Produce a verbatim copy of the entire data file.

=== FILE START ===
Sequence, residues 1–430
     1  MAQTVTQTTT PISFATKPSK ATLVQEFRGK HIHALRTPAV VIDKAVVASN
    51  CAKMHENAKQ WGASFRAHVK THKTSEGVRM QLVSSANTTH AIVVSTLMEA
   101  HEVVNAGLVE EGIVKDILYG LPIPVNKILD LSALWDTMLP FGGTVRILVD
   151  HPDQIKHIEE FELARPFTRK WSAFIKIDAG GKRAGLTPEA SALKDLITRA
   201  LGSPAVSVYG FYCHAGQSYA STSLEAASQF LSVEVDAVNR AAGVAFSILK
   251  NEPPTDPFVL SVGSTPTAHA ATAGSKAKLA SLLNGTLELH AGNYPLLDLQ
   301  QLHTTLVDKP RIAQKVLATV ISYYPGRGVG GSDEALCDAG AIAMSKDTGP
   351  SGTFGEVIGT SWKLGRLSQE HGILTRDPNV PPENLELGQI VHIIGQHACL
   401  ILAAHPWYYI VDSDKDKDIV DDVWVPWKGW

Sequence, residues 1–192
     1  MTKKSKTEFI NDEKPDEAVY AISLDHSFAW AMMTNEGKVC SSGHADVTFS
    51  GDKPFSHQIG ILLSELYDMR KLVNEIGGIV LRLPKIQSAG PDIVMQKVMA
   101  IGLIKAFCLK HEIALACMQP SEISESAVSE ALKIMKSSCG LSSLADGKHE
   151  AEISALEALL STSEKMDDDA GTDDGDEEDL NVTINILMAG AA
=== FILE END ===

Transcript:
Sequence, residues 1–430
     1  MAQTVTQTTT PISFATKPSK ATLVQEFRGK HIHALRTPAV VIDKAVVASN
    51  CAKMHENAKQ WGASFRAHVK THKTSEGVRM QLVSSANTTH AIVVSTLMEA
   101  HEVVNAGLVE EGIVKDILYG LPIPVNKILD LSALWDTMLP FGGTVRILVD
   151  HPDQIKHIEE FELARPFTRK WSAFIKIDAG GKRAGLTPEA SALKDLITRA
   201  LGSPAVSVYG FYCHAGQSYA STSLEAASQF LSVEVDAVNR AAGVAFSILK
   251  NEPPTDPFVL SVGSTPTAHA ATAGSKAKLA SLLNGTLELH AGNYPLLDLQ
   301  QLHTTLVDKP RIAQKVLATV ISYYPGRGVG GSDEALCDAG AIAMSKDTGP
   351  SGTFGEVIGT SWKLGRLSQE HGILTRDPNV PPENLELGQI VHIIGQHACL
   401  ILAAHPWYYI VDSDKDKDIV DDVWVPWKGW

Sequence, residues 1–192
     1  MTKKSKTEFI NDEKPDEAVY AISLDHSFAW AMMTNEGKVC SSGHADVTFS
    51  GDKPFSHQIG ILLSELYDMR KLVNEIGGIV LRLPKIQSAG PDIVMQKVMA
   101  IGLIKAFCLK HEIALACMQP SEISESAVSE ALKIMKSSCG LSSLADGKHE
   151  AEISALEALL STSEKMDDDA GTDDGDEEDL NVTINILMAG AA